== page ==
Why Israel Should Keep Building the Settlements

An oft-repeated sentiment in the international community, college campuses, and both Democratic and Republican administrations is that Israeli settlements built following the 1967 Six-Day War are inhibiting peace in the Middle East. This sentiment, however, is wrong.

Settlements have never stood in the way of peace. In fact, Israel withdrew from territory and uprooted its own people, receiving mostly war in exchange. The settlements are a red herring; those opposed to them simply do not understand that Arab violence towards Jews predates, and runs much deeper than, the settlements. Israel has every right to build settlements and they are of vital importance to the survival of the country.

The Jews Are Indigenous to Judea and Samaria

First, the very idea that Jews should not build in Judea and Samaria (known to many as the West Bank) runs counter to the history of the last three millennia. As the indigenous people, Jews had sovereignty and pseudo-sovereignty in these lands from 1010 BCE to 617 CE (a mere twenty years before the Arab occupation of Jerusalem in 637 CE). After the Jews lost political power in Judea and Samaria, they continued to reside there until the modern period, with interludes when occupying powers forbade them from living in places like Hebron and Jerusalem. In fact, during Israel’s War of Independence (1947-1949), approximately 10,000 Jews were kicked out of or killed in Jewish communities in Jerusalem, Judea, Samaria, and Gaza.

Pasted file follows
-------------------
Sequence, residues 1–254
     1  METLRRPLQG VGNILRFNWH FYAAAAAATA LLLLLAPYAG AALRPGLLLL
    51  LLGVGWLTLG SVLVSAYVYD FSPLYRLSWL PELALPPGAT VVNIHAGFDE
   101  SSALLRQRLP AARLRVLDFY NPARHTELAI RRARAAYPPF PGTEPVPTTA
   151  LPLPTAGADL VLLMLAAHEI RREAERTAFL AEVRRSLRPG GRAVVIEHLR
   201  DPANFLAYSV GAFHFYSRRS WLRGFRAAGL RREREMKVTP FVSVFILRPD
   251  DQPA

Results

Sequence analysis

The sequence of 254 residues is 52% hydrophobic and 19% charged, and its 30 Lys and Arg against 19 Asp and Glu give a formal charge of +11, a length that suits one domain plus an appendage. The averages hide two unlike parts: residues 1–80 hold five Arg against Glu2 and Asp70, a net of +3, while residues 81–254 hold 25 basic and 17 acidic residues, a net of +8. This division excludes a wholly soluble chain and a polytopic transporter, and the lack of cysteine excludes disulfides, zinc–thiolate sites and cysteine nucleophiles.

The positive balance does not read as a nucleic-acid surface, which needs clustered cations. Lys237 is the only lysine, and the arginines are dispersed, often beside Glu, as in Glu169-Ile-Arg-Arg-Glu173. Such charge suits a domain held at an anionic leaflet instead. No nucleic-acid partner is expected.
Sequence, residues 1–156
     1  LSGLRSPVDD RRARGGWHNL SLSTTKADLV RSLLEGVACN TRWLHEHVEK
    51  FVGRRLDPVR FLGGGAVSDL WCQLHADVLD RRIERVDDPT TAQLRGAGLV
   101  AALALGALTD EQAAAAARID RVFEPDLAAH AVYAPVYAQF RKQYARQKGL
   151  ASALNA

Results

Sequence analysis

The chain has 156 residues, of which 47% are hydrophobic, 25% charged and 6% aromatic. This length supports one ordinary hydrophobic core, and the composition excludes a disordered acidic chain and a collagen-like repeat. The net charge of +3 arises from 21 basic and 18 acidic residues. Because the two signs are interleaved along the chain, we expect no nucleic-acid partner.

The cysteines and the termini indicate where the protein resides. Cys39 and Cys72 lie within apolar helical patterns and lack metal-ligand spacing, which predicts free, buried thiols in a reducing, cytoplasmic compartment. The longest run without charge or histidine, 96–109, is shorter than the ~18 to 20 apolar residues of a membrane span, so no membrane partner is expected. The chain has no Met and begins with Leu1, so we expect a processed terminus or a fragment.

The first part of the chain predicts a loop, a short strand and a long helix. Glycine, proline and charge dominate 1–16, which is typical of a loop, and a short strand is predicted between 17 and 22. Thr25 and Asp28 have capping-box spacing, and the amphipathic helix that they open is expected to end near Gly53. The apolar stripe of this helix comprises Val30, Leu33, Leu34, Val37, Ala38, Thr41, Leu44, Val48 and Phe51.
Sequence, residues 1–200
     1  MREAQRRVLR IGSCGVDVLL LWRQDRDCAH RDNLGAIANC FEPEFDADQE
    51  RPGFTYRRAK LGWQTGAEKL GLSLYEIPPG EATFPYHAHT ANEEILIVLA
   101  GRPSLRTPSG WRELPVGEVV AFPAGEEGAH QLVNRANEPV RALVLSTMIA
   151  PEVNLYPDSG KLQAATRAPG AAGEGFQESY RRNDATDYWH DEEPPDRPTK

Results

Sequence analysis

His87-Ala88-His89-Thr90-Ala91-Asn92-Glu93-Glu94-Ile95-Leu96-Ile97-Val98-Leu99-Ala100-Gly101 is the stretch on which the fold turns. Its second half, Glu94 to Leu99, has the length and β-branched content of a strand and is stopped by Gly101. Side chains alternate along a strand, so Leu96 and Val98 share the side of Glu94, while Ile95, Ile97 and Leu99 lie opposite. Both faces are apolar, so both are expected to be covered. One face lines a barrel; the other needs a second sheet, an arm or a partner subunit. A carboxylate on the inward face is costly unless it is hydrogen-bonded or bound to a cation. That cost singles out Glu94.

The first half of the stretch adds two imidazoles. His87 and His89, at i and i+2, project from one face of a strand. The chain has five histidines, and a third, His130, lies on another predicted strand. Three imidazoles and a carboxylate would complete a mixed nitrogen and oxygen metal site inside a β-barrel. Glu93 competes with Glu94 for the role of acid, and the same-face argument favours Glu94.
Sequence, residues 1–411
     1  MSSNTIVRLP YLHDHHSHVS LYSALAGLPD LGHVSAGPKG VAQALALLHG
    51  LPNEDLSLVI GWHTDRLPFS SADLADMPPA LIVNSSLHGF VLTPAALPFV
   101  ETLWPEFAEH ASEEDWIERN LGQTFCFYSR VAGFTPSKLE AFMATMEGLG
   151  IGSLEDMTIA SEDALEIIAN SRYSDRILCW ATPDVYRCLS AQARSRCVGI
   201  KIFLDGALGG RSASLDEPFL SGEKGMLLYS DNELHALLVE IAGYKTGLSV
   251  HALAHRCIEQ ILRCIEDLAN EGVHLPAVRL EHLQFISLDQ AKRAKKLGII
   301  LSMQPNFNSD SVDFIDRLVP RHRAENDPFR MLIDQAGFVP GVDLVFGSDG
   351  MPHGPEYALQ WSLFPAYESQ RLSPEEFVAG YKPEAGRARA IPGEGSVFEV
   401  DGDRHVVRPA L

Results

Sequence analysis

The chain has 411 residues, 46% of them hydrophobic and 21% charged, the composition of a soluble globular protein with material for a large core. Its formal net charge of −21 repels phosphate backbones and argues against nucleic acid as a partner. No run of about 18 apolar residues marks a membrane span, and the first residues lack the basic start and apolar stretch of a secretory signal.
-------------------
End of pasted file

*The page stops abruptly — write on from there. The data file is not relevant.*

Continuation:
The Settlements Don’t Prohibit a Peace Deal

The settlements in Judea and Samaria are not prohibiting a peace deal. The Arabs were offered and rejected sovereignty in Judea and Samaria before the settlements (Peel Commission (1937) and U.N. Partition Plan (1947)), when there were very few settlements (the Khartoum Resolution (1967) and the Allon Plan (1967-1968)), and when there were many settlements (Camp David (2000), Taba (2001), and Prime Minister Ehud Olmert’s offer to President Mahmoud Abbas (2008)). Regardless of the presence, absence, and number of settlements, the Arabs either rejected or left unanswered peace offers in all of these instances.

Israeli Withdrawals Have Brought War, Not Peace